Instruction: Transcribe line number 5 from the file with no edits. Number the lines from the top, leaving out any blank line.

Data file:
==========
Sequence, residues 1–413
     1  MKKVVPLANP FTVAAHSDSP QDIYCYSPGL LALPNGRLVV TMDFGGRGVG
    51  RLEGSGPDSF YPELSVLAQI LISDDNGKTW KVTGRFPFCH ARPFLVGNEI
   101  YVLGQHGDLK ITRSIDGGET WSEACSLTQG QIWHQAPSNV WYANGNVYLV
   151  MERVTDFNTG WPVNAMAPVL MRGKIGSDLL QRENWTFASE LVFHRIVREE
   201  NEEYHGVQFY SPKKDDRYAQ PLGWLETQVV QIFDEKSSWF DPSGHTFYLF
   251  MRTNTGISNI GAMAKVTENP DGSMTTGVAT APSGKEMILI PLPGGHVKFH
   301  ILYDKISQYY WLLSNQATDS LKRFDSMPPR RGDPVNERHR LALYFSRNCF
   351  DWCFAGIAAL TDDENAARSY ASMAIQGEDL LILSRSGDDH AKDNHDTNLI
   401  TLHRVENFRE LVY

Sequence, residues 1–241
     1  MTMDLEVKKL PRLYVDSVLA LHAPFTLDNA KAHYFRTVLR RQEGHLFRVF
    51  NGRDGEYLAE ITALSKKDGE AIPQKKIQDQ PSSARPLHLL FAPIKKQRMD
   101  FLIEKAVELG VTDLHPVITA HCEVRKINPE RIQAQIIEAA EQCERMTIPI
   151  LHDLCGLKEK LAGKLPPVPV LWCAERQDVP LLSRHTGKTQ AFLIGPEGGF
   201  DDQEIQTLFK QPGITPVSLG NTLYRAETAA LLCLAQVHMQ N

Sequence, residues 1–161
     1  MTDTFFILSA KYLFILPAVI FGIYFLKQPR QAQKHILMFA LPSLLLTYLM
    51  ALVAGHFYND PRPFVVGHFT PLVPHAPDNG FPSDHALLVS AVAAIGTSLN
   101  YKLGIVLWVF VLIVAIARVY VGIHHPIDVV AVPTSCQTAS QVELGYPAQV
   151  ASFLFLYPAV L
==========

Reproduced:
   151  MERVTDFNTG WPVNAMAPVL MRGKIGSDLL QRENWTFASE LVFHRIVREE